Down syndrome angel, angel and Down syndrome.
Whether it’s a person with Down syndrome being compared to an angel or angels being people with Down syndrome, I’m not sure, but angels are linked to Down syndrome like peanut butter is to jam.
It comes from people outside the Down syndrome community.
Perhaps “angel” is used because people want to acknowledge difference and they think that by calling a child with Down syndrome an “angel,” they are really saying that they think the child is precious and wonderful and at least as valuable as a child without Down syndrome.
It comes from people within the Down syndrome community too.
Including organizations like these:
These, by the way, are just a teeny tiny sampling of what I saw out there online as I was collecting screenshots for this post. It’s frankly incredible how many organizations are hooked to the concept of the “Down syndrome angel,” using the word “angel” in connection with “Down syndrome.”
Let’s take a look at what the word “angel” means, and some things to consider when linking that word with a person with Down syndrome.
Angel: noun, an attendant of God; a sweet, kind person.
Synonyms: darling, dear, dream, gem, jewel, paragon, saint; archangel, cherub, guardian, seraph, spirit, sprite, celestial being, divine messenger, God’s messenger, heavenly being, holy being, spiritual being
1. It’s dehumanizing.
The word “angel” sneaks by because it’s such a positive word, but it frames people with Down syndrome as an “other” – they are not like everyone else.
2. “Good” stereotyping oppressed people is still oppression.
“All black people are good singers, all Asians are smart, all gay guys know how to style women’s clothes”, etc. It is offensive to stereotype people, even when it seems positive.
That it feels positive to the speaker shows that it is coming from a place of societal power and privilege.
3. It Helps Perpetuate a Cycle of Inequality
Angels don’t have civil rights.
Angels don’t receive fair pay for work.
Angels don’t receive justice when they are killed (except through God, but that’s another post).
Angels aren’t regular people, so they are not expected to have regular needs, like the need for sex.
When you talk about people with Down syndrome as “angels”, you are (however unintentionally) perpetuating a cycle of inequality with people with Down syndrome.
4. It Doesn’t Help When the Babies Become Adults
Any organization or person that purports to be advocating for people with Down syndrome and continues to use the word “angel” in their verbiage needs to take a long, hard look at what they are promoting.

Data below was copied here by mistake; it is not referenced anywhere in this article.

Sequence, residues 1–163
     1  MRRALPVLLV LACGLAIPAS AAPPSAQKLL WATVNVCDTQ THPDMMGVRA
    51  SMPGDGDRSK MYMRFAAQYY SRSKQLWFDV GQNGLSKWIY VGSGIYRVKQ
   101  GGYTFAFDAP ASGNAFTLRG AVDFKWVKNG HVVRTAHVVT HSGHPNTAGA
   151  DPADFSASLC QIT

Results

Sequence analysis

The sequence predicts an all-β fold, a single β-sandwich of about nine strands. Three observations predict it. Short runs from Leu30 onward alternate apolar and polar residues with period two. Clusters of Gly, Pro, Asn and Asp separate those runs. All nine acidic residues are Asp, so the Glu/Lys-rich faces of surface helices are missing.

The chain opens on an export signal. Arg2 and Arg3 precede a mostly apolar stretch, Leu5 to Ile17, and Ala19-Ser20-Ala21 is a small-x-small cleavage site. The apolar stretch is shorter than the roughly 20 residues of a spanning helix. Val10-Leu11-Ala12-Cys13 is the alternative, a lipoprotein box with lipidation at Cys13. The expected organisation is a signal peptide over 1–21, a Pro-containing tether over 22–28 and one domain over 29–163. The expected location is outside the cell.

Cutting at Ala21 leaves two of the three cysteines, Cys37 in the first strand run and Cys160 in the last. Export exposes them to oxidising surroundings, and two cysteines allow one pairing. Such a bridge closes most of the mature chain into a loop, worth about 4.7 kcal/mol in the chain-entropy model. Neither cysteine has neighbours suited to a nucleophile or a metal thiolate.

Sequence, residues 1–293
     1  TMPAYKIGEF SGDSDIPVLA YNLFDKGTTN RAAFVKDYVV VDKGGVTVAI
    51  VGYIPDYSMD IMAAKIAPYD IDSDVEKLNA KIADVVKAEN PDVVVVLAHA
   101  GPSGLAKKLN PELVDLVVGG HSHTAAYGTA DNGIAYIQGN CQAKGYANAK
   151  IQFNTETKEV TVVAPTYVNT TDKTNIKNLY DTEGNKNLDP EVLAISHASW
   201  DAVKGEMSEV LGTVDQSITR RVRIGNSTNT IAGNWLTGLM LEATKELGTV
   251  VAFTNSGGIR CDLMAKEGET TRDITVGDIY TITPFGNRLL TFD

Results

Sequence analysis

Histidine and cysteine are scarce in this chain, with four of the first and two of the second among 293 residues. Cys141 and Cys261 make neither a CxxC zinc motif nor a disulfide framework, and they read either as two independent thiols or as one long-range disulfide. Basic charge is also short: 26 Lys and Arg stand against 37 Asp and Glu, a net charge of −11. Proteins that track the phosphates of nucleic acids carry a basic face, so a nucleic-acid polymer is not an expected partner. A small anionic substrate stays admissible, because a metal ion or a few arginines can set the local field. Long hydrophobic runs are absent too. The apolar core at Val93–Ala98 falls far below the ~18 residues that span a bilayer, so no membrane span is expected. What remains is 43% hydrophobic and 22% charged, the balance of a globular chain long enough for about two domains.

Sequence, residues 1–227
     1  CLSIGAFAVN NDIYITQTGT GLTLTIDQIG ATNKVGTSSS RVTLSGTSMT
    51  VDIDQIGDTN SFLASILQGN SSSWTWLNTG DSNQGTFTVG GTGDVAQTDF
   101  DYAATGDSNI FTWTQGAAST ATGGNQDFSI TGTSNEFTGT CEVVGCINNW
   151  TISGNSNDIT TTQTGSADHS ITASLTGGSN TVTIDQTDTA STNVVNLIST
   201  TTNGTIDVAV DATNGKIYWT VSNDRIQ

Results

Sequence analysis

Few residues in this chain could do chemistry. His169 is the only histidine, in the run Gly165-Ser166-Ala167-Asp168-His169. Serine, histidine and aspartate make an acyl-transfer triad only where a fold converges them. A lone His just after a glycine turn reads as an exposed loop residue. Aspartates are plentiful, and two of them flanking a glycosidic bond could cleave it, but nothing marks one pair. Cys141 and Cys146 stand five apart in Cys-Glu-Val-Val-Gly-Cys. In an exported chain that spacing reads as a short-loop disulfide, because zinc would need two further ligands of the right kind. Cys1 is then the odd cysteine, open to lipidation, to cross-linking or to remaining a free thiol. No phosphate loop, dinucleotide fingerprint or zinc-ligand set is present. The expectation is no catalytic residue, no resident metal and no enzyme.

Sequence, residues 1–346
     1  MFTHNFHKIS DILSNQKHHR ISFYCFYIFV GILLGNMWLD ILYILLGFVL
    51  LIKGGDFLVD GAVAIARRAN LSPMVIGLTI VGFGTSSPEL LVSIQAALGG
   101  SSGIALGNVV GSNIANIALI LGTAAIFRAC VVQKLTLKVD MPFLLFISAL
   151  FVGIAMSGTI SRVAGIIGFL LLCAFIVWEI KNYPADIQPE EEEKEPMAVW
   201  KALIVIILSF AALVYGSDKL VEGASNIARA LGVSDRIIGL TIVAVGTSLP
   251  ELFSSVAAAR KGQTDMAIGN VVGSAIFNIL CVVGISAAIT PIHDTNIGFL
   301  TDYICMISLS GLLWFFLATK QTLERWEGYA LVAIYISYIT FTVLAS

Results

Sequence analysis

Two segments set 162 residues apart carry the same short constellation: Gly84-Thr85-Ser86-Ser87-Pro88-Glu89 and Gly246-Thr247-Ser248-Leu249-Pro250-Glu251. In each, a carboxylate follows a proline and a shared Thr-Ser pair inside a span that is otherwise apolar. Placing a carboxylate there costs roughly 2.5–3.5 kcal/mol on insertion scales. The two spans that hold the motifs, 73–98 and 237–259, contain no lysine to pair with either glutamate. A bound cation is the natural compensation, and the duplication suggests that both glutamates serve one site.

They need to ask themselves if this is really a message that is worth perpetuating. Will it be helpful for children with Down syndrome as they grow into adults? Does it help adults with Down syndrome?
Because every child with Down syndrome that we hold in the light and proclaim to be an “angel” is going to grow up and will have grown up needs that being labeled an “angel” will not serve. Is that fair or right, for our community to lead them into that corner smother them some more with inequality and drench them in stereotypes?
Those are the things that I think are worth considering when seeing or continuing (in any way) with the linkage between “angel” and “Down syndrome” – that is, think about the fact that it’s dehumanizing, it’s a stereotype, it helps perpetuate a cycle of inequality and it doesn’t help people with Down syndrome – especially when they become adults.
Added to that, I would ask anyone who uses it to honestly consider whether or not it’s something they would themselves use in regard to themselves:
Am I an angel? – I can mentally hear people chuckling when asked if they are an angel, and how they’d respond with a smiling, “I’m no angel!” – Well, if you are no angel, then a person with Down syndrome isn’t either. They pick their nose, have sex and binge-watch Netflix too, you know.
Would I want to be called an angel? – Would you? I know I wouldn’t.I know that I’m just a person who is trying as best as I can to make sense of this life, grow spiritually and have fun; I’m not some freakin’ example to anyone and I’m not closer to God than anyone else is. We are all equal in the eyes of the Universe.
Apply those questions to this piece: do unto others, right? You don’t want to be called an angel; don’t call others an angel.
People with Down syndrome aren’t angels; they are people with an extra copy of the 21st chromosome; no more and no less.
Down syndrome is an intrinsic part of who they are; being an angel is not. You are not an angel either; you are beautiful and flawed and exactly as you were meant to be – just like someone with Down syndrome is.
Image credit : Melissa Kline Skavlem – thank you!!
Many thanks to everyone on my Facebook page who participated in this huge discussion about 2 years ago. xoxox I love you all, and I’m so grateful you dive into big subjects with me.
Meriah Nichols is a counselor. Solo mom to 3 (one with Down syndrome, one on the spectrum). Deaf, and neurodiverse herself, she’s a gardening nerd who loves cats, Star Trek, and takes her coffee hot and black.